Post-Modern Visual Artist: Interview with Barbara C. Harrison


Ms. Harrison currently resides in Ithaca, New York and  experiments with various forms of art with an emphasis in photography and is known for her independence of thought and activism in healthcare.  Hiking, the natural world, western square dancing, a healthy diet and helping those in need are intricate parts of her lifestyle.

Barbara C. Harrison website

NP: How did you get interested in the visual arts?

My first partner was interested in photography. He was taking classes to develop his skills.  He would take photographs for class assignments while we were out on dates. I would also spend time with him while he printed his photographs, watching the magic as the images appeared.  My curiosity and desire to become more involved with what he was doing, and discover my own photographic expression, lead him to give me one of his cameras and I began discovering the artistry of writing with light

 NP: What is your artistic philosophy?

 Harrison: Discovering the environs, eyes in motion–delving into textures, patterns, colors, and lines painted by light.  Expanding the view a scene presents by altering perspective.  Exploring Patterns of Illumination, the observer has a chance to visualize the possibilities, rather than what she or he thinks they see.

 NP: How would you describe the nature of art today, exhibiting and the thinking of paying to exhibit.

 Harrison: I have exhibited in local galleries and have not paid to show my photographs.  I recently was invited to exhibit in a gallery.  To show your work, you “pay to play”.  I found this very unsettling.  I understand that renting space to operate a gallery can be quite expensive depending on the profit desired, especially in metropolitan or tourist areas that draw people interested in art.  However, for the artist that means that they pay to exhibit, and then a commission is taken when their art is sold. In some cases artists pay to enter every show in which a  gallery participates.  It’s quite subjective. Follow the money is all too common.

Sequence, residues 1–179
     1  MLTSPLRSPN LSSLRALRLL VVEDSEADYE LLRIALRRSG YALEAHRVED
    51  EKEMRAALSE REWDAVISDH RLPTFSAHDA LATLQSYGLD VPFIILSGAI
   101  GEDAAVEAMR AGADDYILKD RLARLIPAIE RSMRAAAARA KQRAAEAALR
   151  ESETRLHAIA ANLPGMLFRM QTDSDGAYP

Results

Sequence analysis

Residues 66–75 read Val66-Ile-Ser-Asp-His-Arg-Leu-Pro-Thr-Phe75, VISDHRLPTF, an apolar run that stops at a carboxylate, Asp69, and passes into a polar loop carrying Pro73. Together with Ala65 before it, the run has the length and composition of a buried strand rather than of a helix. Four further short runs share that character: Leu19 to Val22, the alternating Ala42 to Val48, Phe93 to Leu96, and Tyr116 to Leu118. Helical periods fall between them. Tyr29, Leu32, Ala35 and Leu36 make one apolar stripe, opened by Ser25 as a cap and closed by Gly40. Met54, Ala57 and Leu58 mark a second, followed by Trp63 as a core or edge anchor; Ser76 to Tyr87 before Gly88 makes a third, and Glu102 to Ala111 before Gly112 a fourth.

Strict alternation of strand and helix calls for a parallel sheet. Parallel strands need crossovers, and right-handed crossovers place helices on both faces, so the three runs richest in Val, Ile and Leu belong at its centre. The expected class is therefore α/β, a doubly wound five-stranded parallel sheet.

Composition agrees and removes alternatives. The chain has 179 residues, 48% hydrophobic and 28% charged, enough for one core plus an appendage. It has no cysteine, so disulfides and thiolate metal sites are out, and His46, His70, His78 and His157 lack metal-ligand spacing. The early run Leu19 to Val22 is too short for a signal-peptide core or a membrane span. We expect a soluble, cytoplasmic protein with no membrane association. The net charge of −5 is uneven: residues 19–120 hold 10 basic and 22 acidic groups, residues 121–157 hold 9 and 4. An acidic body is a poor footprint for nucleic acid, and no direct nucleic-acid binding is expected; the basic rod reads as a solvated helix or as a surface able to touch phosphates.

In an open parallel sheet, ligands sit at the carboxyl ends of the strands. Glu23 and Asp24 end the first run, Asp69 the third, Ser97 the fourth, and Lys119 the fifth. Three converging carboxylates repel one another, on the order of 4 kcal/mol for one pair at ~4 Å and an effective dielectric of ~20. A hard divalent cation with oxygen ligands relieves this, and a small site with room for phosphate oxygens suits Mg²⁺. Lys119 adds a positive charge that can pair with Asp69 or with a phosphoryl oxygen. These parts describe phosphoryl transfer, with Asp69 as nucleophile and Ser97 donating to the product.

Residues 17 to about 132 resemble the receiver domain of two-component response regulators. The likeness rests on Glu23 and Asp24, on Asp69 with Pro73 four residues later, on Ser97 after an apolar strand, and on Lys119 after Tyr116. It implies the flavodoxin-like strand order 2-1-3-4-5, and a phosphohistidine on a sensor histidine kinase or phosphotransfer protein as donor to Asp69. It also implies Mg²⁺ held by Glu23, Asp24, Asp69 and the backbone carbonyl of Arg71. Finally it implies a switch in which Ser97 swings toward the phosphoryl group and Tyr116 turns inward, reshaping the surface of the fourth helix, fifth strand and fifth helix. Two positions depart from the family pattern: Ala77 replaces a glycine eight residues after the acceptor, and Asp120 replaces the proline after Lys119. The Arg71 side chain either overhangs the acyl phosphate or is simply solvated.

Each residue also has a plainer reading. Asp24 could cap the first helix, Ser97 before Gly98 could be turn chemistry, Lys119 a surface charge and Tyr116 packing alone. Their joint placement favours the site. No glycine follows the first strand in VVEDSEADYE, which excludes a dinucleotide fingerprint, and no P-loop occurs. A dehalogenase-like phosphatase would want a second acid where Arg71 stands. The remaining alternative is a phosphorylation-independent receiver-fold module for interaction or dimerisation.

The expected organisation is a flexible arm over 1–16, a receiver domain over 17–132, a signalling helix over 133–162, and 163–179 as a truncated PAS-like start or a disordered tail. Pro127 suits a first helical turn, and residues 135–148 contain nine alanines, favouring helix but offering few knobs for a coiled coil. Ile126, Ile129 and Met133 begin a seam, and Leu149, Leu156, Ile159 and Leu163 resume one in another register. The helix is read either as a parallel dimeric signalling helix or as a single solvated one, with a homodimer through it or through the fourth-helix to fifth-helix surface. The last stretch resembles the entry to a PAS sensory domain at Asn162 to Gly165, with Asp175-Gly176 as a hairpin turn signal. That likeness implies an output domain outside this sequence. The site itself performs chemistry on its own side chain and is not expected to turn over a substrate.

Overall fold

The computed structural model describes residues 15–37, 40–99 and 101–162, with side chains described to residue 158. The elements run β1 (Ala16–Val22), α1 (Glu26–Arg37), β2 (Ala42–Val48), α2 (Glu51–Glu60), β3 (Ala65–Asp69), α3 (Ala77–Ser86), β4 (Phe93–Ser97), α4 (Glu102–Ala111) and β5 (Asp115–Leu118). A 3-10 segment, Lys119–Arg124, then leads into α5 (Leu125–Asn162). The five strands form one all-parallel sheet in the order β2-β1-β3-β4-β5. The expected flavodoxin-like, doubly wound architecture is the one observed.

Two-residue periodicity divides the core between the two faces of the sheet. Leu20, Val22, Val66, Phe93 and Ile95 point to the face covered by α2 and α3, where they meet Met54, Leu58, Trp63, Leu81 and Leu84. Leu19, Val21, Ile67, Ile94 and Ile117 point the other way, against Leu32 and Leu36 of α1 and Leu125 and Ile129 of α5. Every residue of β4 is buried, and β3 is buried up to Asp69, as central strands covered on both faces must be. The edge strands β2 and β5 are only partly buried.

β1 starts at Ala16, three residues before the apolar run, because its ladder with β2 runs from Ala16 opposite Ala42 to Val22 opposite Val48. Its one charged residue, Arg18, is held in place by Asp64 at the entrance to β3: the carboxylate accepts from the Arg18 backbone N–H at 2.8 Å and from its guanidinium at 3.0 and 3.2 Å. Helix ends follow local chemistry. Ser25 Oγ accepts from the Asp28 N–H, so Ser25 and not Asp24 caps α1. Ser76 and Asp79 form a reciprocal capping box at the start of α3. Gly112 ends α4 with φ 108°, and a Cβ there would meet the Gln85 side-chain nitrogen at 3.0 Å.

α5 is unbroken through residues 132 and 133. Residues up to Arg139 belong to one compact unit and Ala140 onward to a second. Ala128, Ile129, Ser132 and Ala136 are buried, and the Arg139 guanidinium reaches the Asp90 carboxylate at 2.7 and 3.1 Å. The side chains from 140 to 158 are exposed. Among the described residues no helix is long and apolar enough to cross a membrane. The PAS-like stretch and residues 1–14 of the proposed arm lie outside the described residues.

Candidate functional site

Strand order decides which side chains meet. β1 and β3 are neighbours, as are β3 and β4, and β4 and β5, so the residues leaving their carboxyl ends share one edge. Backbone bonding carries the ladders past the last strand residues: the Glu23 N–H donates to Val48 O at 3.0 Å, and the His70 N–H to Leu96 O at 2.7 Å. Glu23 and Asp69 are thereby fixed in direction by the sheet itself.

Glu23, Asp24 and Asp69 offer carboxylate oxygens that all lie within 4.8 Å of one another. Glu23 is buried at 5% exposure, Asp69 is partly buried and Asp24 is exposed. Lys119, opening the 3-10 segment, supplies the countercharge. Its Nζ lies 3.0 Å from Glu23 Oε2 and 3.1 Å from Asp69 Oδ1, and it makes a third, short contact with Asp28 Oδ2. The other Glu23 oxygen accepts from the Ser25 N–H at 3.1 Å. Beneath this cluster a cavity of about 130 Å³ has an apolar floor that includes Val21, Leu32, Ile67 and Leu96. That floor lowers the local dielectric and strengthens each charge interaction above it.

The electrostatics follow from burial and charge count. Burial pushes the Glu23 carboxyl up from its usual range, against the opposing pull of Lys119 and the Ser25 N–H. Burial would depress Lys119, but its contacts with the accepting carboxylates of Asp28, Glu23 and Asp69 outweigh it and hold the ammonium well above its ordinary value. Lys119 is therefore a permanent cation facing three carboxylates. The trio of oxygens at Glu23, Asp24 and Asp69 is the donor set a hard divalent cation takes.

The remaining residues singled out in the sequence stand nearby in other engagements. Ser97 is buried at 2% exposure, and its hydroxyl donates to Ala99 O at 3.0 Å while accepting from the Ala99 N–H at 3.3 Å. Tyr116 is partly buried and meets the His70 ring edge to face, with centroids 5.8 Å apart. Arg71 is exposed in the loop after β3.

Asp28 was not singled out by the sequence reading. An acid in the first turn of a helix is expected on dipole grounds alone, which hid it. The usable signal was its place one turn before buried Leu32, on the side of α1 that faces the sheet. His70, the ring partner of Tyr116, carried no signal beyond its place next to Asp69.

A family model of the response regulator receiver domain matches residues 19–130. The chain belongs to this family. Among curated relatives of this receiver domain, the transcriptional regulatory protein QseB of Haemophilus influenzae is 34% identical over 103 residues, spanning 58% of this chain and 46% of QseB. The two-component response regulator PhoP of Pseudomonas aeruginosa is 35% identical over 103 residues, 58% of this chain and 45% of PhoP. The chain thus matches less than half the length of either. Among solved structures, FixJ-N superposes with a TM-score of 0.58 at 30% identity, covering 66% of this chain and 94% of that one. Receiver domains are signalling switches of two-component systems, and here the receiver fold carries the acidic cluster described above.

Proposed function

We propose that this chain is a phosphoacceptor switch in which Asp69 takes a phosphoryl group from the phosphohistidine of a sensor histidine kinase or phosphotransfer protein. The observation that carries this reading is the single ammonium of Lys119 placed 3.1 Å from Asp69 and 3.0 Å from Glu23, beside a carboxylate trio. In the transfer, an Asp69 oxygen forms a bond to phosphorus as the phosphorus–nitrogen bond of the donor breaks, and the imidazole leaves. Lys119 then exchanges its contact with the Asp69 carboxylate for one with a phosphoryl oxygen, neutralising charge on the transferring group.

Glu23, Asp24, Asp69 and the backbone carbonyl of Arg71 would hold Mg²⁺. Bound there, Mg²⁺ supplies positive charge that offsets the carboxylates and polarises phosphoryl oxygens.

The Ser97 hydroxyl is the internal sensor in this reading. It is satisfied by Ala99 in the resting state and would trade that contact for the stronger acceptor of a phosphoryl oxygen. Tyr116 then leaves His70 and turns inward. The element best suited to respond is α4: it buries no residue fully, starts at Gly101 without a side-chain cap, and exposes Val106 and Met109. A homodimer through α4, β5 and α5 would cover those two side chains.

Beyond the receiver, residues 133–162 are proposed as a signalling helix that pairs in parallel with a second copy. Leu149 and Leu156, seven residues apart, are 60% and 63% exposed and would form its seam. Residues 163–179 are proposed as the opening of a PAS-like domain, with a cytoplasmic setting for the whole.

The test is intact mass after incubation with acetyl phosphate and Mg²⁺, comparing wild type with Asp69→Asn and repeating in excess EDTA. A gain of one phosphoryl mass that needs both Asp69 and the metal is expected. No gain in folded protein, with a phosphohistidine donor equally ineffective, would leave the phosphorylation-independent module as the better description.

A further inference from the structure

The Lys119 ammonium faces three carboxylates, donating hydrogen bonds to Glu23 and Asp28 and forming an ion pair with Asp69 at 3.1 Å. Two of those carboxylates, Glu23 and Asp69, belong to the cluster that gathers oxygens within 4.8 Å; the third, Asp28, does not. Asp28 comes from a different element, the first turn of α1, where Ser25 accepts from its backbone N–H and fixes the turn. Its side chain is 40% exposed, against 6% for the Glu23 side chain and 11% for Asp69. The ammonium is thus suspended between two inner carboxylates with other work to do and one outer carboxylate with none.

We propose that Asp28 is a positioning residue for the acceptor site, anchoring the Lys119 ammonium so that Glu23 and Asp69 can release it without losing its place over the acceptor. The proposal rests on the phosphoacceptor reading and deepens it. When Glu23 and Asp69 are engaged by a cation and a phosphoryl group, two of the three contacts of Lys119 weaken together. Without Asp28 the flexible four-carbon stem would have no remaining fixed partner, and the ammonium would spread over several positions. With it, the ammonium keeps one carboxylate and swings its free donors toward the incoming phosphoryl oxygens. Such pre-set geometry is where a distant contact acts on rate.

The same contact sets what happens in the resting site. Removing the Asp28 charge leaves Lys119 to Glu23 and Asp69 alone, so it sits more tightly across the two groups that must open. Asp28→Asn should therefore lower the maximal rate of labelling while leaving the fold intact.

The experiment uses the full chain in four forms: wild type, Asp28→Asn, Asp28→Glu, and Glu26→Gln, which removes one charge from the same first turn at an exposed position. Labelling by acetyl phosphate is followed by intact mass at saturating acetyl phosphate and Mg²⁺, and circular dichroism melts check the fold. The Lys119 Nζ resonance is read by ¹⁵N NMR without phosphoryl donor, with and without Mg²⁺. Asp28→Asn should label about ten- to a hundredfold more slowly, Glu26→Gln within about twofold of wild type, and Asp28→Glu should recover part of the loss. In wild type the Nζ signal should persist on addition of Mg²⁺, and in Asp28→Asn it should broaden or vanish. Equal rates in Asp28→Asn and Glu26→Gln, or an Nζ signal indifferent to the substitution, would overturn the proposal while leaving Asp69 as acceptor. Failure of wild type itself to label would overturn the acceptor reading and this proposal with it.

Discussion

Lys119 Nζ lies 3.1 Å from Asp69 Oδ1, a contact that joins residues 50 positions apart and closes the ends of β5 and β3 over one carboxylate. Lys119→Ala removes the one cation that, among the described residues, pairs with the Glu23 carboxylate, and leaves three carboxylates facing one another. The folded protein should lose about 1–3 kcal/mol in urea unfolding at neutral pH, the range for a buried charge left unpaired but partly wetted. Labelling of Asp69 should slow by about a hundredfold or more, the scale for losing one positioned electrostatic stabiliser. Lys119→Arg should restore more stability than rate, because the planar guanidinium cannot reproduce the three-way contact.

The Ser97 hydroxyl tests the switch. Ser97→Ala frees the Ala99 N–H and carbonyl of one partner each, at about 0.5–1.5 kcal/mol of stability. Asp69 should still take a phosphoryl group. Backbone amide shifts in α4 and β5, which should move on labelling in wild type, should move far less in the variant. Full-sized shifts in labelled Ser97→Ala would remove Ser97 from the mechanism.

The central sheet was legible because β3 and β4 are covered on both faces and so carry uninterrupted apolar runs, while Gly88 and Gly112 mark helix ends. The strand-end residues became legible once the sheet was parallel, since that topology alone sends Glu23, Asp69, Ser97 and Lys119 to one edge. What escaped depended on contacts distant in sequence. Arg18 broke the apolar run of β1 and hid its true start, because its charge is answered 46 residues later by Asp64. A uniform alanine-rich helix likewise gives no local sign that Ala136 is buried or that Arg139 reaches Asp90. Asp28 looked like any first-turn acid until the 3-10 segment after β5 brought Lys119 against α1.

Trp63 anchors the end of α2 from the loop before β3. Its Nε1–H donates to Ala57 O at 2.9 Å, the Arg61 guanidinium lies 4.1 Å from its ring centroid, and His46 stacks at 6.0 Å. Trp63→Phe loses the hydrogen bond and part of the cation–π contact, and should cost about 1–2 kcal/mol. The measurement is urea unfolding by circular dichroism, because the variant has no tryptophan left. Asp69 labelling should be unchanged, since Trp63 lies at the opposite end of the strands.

I would ask, if you are a new artist, without much money, how are you supposed to get your work out to the public? Will Instagram and other social media platforms replace in the flesh galleries because there is no cost to exhibit?  But on the other hand, there is nothing like standing in front of a piece of art and feeling part of the media you are exploring. Absorbing the textures, the colors, patterns, and shadows.


Regarding photography, I am concerned with the thinking that anyone who picks up a camera and takes a photo thinks they are producing professional quality, without use for composition, the elements that create a photo and then taking the photo into a program to achieve something that was not well thought out.

NP: How should photography be defined in this age?

Harrison:  From my perspective I would suggest that art today is defined by the artist who creates the work and the person buying her and his work – art becomes art in the eye of the creator/beholder. If someone pays the artist for their work they are no longer an amateur. Still, does that mean the work, whether photography or a painting is considered worthy of the word “art” from a museum or gallery point of view? Is the world of art, objective?

I think a good artist struggles with her or his work and if others find enjoyment and meaning in their work then they have achieved personal success, regardless of whether it’s in a museuma gallery or a home.